Being the youngest of six boys, Ronald Weasley rarely had something to call his own. His younger sister, being the only girl received all of her belongings and clothes, though sometimes through second hand shops, that were hers first and she rarely, if ever, had to deal with the hand-me-downs of her elder brothers.

Ron had no such luck. He had an old wand, an old trunk, and an old set of books, scales, cauldron and even robes. He hated being invisible, so he did everything he could to stand out; he was loud mouthed, brash, prejudiced and lazy, after all being known for your bad qualities was better than not being known at all, right?

If there was one thing that annoyed Ronald Weasley above anything else, it was being outshone. Hermione Granger was smart, dedicated, and had all the attention from the professors. Ron had tried his best to perform the spells, but it soon proved difficult and his inherent laziness won out in the end and he was content to make loud and obnoxious comments hoping for a few laughs like Fred and George always seemed to receive, instead he had lost some house points and received a scolding.

It took every ounce of his restraint to ignore the muggleborn girl, but as soon as she started lecturing him on his half-hazard attempt at levitating a feather and his poor pronunciation, he had lost his temper. He told as many people as he could what a menace she was, what a nightmare. He mocked her hair, her teeth and her bossy tone. He exaggerated, imitated and sniped. It wasn't until later that he realised she had been behind him and had heard every word he had said, and had spent the whole day crying.

Beauxbatons Academy of Magic, unlike its British counterpart did not believe in the segregation of students based on character traits, and because of the sheer size of the facility as well as several generous alumni donations, there were separate dormitories from the school. The boy's dormitory was on a completely separate part of the campus to the girls, the boys on the left and the girls on the right. They were then further separated by floor; there were seven floors, one for each year. Each floor had enough rooms so that the students had only one roommate. Remy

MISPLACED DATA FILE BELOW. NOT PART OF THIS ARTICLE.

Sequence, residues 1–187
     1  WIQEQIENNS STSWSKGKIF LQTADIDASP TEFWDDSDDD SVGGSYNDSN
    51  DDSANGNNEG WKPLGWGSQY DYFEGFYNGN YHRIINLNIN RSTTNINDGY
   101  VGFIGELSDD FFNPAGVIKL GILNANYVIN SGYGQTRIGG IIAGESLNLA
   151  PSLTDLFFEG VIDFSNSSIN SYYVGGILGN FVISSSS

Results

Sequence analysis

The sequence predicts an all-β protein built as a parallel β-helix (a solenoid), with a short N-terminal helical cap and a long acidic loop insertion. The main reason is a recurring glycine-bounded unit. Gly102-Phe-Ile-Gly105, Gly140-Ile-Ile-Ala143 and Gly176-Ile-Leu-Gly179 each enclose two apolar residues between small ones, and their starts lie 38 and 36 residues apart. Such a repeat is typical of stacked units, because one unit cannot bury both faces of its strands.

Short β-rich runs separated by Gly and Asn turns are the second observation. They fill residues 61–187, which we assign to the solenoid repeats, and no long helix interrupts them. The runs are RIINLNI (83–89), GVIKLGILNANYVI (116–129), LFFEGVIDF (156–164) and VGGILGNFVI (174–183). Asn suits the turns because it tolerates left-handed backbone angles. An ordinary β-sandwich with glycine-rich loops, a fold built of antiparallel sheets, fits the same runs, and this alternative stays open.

Remy Lebeau had been a student of Beauxbatons for almost three weeks, but it still seemed like a dream. Instead of disgusted sneers at his eyes he had received welcoming smiles. He studied almost religiously, in between writing letters to his father, brother and cousins, and was pleasantly surprised to find that he enjoyed learning magic. The block that the professor had put in his mind allowed his to focus his magic without getting his mutation mixed up and blowing something to pieces.

However, there was one defining factor of Remy's life at the French school of magic that he had deliberately left out; his utterly humiliating and unrequited infatuation with the beautiful Henriette La Roux. She was the most beautiful girl he had ever seen, despite her being a little more than three years older than him, she had long glossy hair that was always pulled back in expensive looking barrettes, and had cold grey eyes that seemed to promise death to anyone who crossed her one moment and then her meticulously made up face would twist into a breathtaking smile. He was smitten.

Remy dopily munched on his breakfast cereal as he gazed at the source of his infatuation from across the year-separated breakfast tables, he choked on a particularly insubordinate cheerio that somehow decided to lodge itself in his throat. He gratefully smiled as he felt a hand slap his back.

"You okay there Remy?" the amused voice of Christian Allore broke him from his infatuated reverie

"Oui." Remy smiled sheepishly "jus' got distracted dats all."

Christian grinned devilishly "oh really? I hadn't noticed, I mean you've only been staring at the Mademoiselle La Roux for weeks now with that same dopey grin on your face, you should try harder to make your infatuation more obvious."